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United States Department of Agriculture

Agricultural Research Service

Title: Fresh Market Quality Tree Fruit Harvester, Part I: Sweet Cherry

Authors
item Peterson, Donald
item Whiting, Matthew - WASHINGTON STATE UNIVERSI
item Wolford, Scott

Submitted to: Applied Engineering in Agriculture
Publication Type: Peer Reviewed Journal
Publication Acceptance Date: July 1, 2003
Publication Date: September 1, 2003
Citation: PETERSON, D.L., WHITING, M.D., WOLFORD, S.D. FRESH MARKET QUALITY TREE FRUIT HARVESTER, PART I: SWEET CHERRY. APPLIED ENGINEERING IN AGRICULTURE. 2003. 19(5):539-543.

Interpretive Summary: Labor shortages and increasing costs of harvesting sweet cherries for the fresh market are putting an economical burden on the cherry industry. In cooperation with the Washington Tree Fruit Research Commission an experimental sweet cherry mechanical harvester was developed, tested, and yielded fruit quality comparable to that obtained by commercial hand harvesting. The experimental harvester also significantly improved harvest labor productivity. Presently, the biggest obstacle to commercialization of this harvesting technique is the fact that tree training systems in commercial orchards are not compatible with this experimental technology.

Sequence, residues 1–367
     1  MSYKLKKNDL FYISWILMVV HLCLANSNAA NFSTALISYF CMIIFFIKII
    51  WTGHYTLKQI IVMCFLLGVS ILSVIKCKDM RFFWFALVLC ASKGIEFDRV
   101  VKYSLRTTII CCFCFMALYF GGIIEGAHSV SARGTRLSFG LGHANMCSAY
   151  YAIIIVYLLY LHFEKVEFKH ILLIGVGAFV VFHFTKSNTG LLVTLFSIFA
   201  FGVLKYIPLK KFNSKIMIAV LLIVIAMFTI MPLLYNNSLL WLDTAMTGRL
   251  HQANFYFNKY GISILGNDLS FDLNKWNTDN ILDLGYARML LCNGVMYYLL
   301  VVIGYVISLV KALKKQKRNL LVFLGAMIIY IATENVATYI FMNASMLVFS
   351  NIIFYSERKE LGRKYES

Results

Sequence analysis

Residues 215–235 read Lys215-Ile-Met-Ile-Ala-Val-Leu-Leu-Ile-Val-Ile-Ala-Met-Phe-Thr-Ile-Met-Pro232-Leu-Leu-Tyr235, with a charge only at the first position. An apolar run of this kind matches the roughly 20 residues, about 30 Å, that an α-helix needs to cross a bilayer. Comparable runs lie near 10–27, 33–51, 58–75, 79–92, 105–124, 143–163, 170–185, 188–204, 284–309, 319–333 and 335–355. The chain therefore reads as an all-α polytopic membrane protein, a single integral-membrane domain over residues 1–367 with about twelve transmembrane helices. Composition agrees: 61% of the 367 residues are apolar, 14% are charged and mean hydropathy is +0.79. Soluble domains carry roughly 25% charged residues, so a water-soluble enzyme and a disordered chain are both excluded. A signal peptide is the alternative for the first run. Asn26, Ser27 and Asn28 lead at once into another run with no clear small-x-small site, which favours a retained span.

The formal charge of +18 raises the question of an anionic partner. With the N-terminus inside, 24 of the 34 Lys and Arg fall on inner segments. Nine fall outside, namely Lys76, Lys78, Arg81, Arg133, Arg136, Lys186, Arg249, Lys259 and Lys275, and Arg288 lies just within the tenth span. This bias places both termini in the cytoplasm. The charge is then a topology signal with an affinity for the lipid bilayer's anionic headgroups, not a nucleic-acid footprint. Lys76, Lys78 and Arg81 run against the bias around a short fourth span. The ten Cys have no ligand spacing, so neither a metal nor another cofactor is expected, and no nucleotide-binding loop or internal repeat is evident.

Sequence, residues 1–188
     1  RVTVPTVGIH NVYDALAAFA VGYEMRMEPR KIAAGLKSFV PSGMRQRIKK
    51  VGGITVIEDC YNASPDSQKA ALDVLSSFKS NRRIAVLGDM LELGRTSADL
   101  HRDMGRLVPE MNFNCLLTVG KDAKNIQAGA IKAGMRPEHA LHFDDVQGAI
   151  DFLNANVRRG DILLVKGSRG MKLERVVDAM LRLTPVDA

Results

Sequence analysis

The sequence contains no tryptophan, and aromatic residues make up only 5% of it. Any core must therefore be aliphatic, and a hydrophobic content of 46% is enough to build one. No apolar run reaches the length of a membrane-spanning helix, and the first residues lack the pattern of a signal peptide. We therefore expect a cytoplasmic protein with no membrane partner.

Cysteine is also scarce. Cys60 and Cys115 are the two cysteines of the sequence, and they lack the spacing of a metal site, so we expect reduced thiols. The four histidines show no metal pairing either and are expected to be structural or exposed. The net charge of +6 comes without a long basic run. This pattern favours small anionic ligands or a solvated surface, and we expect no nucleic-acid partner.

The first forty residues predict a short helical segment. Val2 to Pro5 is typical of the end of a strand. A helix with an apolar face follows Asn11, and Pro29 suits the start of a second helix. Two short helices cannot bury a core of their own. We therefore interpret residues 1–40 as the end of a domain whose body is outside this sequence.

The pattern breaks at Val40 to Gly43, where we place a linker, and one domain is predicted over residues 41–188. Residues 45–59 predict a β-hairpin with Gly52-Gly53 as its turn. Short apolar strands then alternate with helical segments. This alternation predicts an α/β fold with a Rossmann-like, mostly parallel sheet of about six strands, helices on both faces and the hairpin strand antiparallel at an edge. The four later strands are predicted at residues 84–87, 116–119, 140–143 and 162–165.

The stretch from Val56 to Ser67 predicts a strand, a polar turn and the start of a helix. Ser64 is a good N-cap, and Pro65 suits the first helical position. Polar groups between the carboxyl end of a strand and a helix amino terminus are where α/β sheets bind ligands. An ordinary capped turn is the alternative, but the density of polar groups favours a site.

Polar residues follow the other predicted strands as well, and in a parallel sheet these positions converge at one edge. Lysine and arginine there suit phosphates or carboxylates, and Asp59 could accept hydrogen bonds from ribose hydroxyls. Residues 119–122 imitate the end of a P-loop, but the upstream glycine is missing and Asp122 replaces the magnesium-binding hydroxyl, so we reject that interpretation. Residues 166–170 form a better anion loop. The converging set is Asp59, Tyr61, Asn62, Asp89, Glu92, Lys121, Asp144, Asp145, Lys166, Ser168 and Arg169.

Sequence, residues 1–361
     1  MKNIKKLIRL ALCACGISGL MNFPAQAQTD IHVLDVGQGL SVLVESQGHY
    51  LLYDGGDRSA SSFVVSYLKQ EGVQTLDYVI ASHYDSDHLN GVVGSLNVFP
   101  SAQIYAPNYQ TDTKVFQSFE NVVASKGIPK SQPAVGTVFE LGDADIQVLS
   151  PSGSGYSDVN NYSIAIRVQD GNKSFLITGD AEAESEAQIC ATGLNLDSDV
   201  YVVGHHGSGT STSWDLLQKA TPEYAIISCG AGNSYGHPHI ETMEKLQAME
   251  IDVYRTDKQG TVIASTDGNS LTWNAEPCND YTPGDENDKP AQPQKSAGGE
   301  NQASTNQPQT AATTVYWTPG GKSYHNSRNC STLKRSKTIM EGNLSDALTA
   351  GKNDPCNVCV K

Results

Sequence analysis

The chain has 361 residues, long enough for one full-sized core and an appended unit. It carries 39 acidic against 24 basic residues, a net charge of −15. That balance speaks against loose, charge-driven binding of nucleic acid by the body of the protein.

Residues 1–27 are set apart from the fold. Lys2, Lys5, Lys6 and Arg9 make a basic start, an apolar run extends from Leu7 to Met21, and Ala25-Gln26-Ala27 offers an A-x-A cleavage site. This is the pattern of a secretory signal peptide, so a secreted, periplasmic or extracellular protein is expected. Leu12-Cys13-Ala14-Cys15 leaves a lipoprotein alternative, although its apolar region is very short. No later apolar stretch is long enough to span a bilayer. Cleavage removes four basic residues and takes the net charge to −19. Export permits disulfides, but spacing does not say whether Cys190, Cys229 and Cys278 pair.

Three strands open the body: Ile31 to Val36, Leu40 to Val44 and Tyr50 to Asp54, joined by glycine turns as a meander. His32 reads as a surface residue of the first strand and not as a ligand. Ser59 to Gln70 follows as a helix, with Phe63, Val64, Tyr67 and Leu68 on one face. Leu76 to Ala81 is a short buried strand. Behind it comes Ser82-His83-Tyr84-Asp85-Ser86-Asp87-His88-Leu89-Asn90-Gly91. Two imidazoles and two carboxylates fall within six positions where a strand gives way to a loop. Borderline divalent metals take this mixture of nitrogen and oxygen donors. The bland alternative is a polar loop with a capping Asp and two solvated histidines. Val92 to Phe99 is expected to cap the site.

Technical Abstract: A two unit mechanical harvester was developed to harvest fresh market quality sweet cherries. Units were essentially mirror images. On each unit the harvester-operator used joysticks to position and engaged a rapid displacement actuator (RDA) on main scaffolds to effect fruit removal. Catching conveyors were designed to intercept falling fruit without damage and elevate the fruit to a collecting conveyor. Cushioned catcher pans on each unit were used to seal around the trunk and connect the two units. Main scaffolds were inclined to reduce damage as cherries fell to the catching surface. Ethrel (2-chloroethyl phosphonic acid) was used to reduce the fruit retention force of mature cherries to enable removal without stems or damage. The experimental harvester demonstrated potential for harvesting stemless sweet cherries with not more than 4% more damage than commercial hand harvesting. The catching/collecting system was effective with low damage inflicted to the cherries. Harvest rate down-the-row ranged from 85 to 158 trees/hr with harvester capacity up to 1590 kg/hr (3500 lbs/hr).

Last Modified: 9/21/2014
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